MS. HARRIS: Exactly.

REP. TORRES: The PWG report proposes banking regulation for stablecoin assures, but since a stablecoin issuer has no fractionalization of reserves and no lending function like a bank, it would seem to me, that a stablecoin issuer operates differently from a bank, and therefore should be regulated differently. Mr. Chervinsky, Do you agree with that analysis?

MR. JAKE CHERVINSKY, Chief Policy Officer, the Blockchain Association: I completely agree, and I think that we can design reasonable tailored regulations for nonbank entities to issue stablecoins in a way that is just as safe and sound as a bank doing the same.

REP. TORRES: SEC Chair Gary Gensler asserts that an alternate regulatory framework for crypto would “undermine ninety years of securities law”. Since American federalism has 50 laboratories of democracy, we can actually test that thesis, that hypothesis against the regulatory experience on one of those laboratories – New York State. So, in New York State, crypto regulation is segregated from securities regulation. The New York State Department of Financial Services regulates crypto whereas the New York State Attorney General regulates securities. So, has the Gensler hypothesis been proven right or wrong In New York? Has a separate regulatory framework for crypto undercut securities regulation?

MS. HARRIS: What I would say is our authorities do not depend on definitions about what is a security, what is a commodity, what is a currency. At DFS, we have a blanket authority over virtual assets and we exercise it accordingly. Some of our companies are also subject to registration requirements with the AG. I think what we’ve done in New York has proved quite successful for some of the reasons we’ve discussed today.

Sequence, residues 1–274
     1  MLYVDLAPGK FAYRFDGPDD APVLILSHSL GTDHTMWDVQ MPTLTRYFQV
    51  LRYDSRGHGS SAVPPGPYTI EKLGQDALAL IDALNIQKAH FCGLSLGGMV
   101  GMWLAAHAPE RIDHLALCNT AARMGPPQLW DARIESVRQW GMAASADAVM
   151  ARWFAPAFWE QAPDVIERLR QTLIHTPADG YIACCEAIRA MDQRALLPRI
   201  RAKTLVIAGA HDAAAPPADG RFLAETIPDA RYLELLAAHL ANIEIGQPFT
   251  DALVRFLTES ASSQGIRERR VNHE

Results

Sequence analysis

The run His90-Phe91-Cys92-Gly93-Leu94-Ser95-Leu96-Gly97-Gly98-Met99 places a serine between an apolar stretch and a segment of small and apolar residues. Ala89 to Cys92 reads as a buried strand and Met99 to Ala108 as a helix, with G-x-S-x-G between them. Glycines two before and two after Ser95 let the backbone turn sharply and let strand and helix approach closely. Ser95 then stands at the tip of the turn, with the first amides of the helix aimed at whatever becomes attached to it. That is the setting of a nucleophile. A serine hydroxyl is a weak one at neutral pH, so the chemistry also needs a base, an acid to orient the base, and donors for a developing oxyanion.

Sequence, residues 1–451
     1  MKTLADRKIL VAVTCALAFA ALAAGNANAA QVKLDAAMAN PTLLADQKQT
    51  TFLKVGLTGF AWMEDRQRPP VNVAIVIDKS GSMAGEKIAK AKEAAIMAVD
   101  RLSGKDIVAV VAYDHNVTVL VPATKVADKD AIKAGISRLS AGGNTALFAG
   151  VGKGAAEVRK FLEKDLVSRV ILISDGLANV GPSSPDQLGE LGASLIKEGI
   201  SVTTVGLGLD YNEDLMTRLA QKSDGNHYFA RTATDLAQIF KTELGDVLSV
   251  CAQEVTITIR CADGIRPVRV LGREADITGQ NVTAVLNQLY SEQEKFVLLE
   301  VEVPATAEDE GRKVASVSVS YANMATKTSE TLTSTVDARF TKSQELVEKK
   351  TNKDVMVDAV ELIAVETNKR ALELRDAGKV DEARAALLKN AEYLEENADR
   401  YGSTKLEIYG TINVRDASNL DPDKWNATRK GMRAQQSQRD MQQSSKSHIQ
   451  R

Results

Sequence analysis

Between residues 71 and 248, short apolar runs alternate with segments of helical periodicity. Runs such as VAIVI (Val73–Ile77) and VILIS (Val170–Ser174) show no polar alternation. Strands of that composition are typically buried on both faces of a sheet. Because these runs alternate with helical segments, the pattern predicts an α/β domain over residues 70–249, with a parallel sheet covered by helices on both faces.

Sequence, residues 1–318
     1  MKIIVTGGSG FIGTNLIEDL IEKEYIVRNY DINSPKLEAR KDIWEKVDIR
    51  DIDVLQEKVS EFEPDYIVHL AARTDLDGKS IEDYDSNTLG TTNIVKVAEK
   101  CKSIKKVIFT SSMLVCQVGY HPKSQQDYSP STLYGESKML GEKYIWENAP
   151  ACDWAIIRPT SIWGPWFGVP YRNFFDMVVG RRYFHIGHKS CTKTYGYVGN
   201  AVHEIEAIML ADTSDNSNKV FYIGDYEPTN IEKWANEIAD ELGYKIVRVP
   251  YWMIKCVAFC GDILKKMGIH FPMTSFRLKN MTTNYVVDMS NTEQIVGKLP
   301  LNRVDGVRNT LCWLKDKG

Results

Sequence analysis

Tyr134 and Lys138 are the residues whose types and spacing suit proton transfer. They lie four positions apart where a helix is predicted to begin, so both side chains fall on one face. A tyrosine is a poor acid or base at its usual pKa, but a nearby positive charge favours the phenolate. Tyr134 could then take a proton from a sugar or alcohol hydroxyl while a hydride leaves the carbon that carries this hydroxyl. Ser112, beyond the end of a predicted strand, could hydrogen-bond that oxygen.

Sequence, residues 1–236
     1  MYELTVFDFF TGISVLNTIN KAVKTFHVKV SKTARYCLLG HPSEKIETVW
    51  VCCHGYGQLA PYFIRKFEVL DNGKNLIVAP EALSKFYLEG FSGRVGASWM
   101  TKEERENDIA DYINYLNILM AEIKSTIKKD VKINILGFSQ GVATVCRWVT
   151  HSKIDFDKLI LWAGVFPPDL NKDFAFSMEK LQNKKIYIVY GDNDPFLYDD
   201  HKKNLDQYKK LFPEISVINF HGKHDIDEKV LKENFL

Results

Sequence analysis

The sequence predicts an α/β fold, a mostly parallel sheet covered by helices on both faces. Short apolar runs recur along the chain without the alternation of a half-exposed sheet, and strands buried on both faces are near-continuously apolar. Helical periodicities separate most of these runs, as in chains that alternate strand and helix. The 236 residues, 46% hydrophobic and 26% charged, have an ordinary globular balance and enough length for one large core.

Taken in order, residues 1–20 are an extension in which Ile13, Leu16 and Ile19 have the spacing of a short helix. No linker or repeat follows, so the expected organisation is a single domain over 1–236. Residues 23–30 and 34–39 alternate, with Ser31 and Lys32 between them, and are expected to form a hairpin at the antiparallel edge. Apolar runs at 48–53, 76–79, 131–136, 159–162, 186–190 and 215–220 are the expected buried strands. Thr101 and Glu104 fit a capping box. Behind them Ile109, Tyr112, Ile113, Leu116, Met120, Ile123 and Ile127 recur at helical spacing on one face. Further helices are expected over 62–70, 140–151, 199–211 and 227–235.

REP. TORRES: So, has a separate licensing regime for crypto come at the expense of regulatory rigor?

MS. HARRIS: No, not at all. To the contrary.

REP. TORRES: In fact, New York State DFS is the most rigorous regulator of crypto in the country.

MS. HARRIS: And I would say in the world.

REP. TORRES: In fact, what state was the first state to raise red flags about insufficient reserves of Teather?It was not the SEC, was not the CFTC, it was the State of New York.

MS. HARRIS: Correct.

REP. TORRES: And so the notion that a separate regulatory framework for crypto will undermine 90 decades, 90 years of securities law has been definitively disproven here in New York State. The legacy financial system has high fees among delays that prey upon the lowest-income Americans. More people of color have to pay predatory fees, in order to transfer their own money to loved ones abroad. Stablecoin has the ability to function as a currency, and blockchain has the ability to move money from peer to peer in real time. Mr. Campbell, is it fair to say that the combination of those two technologies has the potential to create a better, cheaper, and faster payment system? That question is for Mr. Campbell and Mr. Disparte.

MR. AUSTIN CAMPBELL, Adjunct Assistant Professor of Business, Columbia Business School: Thank you for the question. I would say yes, unequivocally. The beauty of a blockchain is that it treats everybody the same. If you have low fees, high transparency, high ability to transact, everybody can use it regardless of the amount of money they have. And I think that is one of the best features of this new technological innovation.

MR. DANTE DISPARTE, Chief Strategy Officer and Head of Global Policy, Circle: Unequivocally.

REP. TORRES: Short and sweet, I yield back.